Judi Ingram, Clinical Director and Chief Nurse at Aspen Healthcare did her Integrated Governance in Healthcare Communities MSc at Westminster Business School, the University of Westminster. Her dissertation project on understanding patient safety culture: qualitative insights from nurses in an acute independent healthcare organisation inspired a course of action that’s led to Aspen Healthcare being shortlisted for two major awards. We asked Judi about her research and its impact.
Judi had been working on governance for a while when she spotted the MSc. “I wanted to get the underpinning theoretical framework, meet like-minded students, and study relevant topics in a way that related to the work I was doing in clinical governance and patient safety,” she says. And the course gave her those opportunities. “Every single assignment for each module was work-based and related to an area of my practice.”
Patient Safety Culture
For her final dissertation project, Judi interviewed directors of nursing and frontline nursing staff to explore their understanding of a ‘patient safety culture’.” It’s a term that’s bandied around quite a lot in healthcare,” she explains, “particularly since the Francis report on the Mid-Staffordshire NHS Foundation Trust.
1,500 people work at Aspen Healthcare’s nine hospitals and clinics across the UK. And whilst the organisation’s record on patient safety was good, they believed they could do better. “In 2015 across our nine hospitals and clinics, we had 13 serious incidents and 8 never events – events NHS England say ‘should never happen in a safe hospital’. For instance, you shouldn’t operate on the wrong leg, because you should have the correct safety checks in place.”
“None of the incidents caused major harm to our patients. But we reasoned that if we were an airline, such figures wouldn’t be acceptable. We wanted to institute a cultural shift so that everyone understood that they were responsible for patient safety.”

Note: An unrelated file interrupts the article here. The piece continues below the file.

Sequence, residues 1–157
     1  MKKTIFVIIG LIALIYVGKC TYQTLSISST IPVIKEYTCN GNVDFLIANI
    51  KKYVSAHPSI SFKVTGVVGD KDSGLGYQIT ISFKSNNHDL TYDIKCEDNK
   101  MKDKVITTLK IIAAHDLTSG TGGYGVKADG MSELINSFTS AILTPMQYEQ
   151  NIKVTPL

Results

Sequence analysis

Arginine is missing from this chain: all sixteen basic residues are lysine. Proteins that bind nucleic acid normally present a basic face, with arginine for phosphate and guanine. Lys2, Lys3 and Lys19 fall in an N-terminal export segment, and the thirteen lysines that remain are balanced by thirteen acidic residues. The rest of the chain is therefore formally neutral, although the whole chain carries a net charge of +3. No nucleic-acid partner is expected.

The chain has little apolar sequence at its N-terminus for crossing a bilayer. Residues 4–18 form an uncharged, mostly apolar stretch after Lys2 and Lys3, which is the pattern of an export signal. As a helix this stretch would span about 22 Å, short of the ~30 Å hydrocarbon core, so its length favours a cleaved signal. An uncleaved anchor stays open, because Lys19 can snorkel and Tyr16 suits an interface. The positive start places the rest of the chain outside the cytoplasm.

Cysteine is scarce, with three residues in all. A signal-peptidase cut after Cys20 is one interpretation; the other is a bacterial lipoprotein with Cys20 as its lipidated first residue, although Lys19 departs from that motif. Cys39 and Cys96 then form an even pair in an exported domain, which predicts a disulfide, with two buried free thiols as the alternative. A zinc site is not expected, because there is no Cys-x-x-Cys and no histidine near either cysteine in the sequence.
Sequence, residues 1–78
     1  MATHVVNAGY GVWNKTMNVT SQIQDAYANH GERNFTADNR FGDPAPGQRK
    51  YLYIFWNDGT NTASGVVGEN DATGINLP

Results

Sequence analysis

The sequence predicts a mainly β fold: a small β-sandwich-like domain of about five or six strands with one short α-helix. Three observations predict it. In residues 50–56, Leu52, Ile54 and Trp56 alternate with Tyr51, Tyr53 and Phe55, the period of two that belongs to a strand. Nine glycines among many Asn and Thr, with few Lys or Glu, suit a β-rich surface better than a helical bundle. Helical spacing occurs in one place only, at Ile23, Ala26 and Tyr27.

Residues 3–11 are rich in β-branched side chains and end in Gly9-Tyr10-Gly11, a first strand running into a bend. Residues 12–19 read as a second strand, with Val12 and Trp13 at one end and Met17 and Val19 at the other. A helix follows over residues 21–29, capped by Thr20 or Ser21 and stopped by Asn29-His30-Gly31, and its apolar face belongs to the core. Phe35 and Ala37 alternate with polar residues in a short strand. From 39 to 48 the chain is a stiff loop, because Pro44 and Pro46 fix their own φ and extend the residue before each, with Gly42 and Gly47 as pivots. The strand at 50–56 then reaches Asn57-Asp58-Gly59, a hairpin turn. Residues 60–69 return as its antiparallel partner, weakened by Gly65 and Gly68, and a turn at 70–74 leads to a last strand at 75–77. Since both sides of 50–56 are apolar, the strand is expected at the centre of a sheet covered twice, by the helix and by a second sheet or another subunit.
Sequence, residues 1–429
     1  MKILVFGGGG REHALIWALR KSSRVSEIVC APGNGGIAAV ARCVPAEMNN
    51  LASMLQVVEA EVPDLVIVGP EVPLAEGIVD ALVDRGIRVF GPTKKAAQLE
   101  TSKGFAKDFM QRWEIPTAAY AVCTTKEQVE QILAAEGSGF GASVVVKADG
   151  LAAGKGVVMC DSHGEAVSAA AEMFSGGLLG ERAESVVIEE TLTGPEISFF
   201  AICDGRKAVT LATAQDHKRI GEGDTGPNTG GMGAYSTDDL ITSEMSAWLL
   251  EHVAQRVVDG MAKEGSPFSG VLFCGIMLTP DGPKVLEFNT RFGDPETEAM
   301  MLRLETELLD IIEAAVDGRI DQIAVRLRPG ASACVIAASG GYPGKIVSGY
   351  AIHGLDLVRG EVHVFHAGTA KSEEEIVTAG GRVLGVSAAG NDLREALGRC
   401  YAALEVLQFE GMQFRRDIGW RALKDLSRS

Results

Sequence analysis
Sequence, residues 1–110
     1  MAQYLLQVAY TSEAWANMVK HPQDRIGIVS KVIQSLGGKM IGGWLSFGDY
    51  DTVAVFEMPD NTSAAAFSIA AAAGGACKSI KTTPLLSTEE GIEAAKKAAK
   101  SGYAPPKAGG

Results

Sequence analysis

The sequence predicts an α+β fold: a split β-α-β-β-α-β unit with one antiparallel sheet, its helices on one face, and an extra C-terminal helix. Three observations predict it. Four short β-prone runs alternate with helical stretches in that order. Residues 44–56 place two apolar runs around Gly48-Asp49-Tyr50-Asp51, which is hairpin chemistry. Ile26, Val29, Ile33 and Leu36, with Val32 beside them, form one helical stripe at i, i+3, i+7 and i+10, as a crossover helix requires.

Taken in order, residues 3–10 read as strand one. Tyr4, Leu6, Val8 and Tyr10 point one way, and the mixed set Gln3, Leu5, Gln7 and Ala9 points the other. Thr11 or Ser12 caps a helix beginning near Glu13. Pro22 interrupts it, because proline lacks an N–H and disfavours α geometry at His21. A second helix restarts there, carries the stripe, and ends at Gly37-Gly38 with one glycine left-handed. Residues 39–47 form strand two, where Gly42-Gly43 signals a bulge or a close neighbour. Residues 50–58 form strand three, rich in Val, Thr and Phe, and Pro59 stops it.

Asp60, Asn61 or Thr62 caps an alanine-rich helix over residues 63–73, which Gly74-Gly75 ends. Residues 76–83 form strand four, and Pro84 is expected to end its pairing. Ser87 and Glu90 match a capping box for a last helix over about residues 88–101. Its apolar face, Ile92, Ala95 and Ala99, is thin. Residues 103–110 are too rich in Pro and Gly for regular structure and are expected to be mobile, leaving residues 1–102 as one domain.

A mixed understanding
After analysing her interviewees’ responses, Judi then ran focus groups with directors of nursing and frontline staff to explore the themes that had emerged. “There was as a very mixed understanding of what a ‘patient safety culture’ meant,” she says, “and I realised that to make the change we wanted to happen, we needed to make it real for staff, so they could ground it in their day-to-day practice. As part of her dissertation, Judi produced a set of recommendations for her organisation. Her recommendations covered four main areas: reporting; openness; justice and improvement, and were then developed with her Medical Director into a programme called “STEP-up to Safety”.
“STEP,” Judi explains, “stands for Spot, Talk, Examine and Prevent.”
“Spot the error is about encouraging staff to identify issues of safety, and think about their individual role in that.
Talk is about encouraging a culture of reporting, a culture of openness. Spotting an error is one thing but you need the right culture that enables and encourages you to tell others about it.
Examine is about a culture of justice, looking at it in an objective way, not jumping to conclusions or scapegoating, but really exploring what the causes were.
Prevent is about creating a culture of improvement, where you put things in place to prevent the incident happening again.”
The programme has four levels. “The first level involved our medical director and I going out to all our staff across the UK – and doing a ‘roadshow’. We’ve managed to work with more than 1000 of them now. We do an hour-long session to get them thinking about their individual roles in a patient safety culture and the factors that can impact on this.”
The sessions start with a showing of Aspen Healthcare’s short animated STEP-up film.
STEP-up – the patient safety movie
“It’s a bit Pythonesque,” says Judi. “If you talk about patient safety culture in the usual way it can sound like managerial jargon. So we took a bit of a risk and produced a film showing the opposite of what you should do, before introducing the STEP-up acronym. It has really grabbed people’s attention in a way that standard ‘this is what you have to do to keep your patients safe’ instructional videos don’t.”
After showing the film, Judi and her colleague take participants through the four STEP-up steps, encouraging them to think about their individual contribution to patient safety.
“We get them to explore what it means for patients, what it means for them individually, what it means for their team and what it means for their environment. And we ask them to make a commitment to safety and STEP-up. Every member of staff was then given a STEP-up pedometer and asked to STEP-up to safety (and get healthier!).”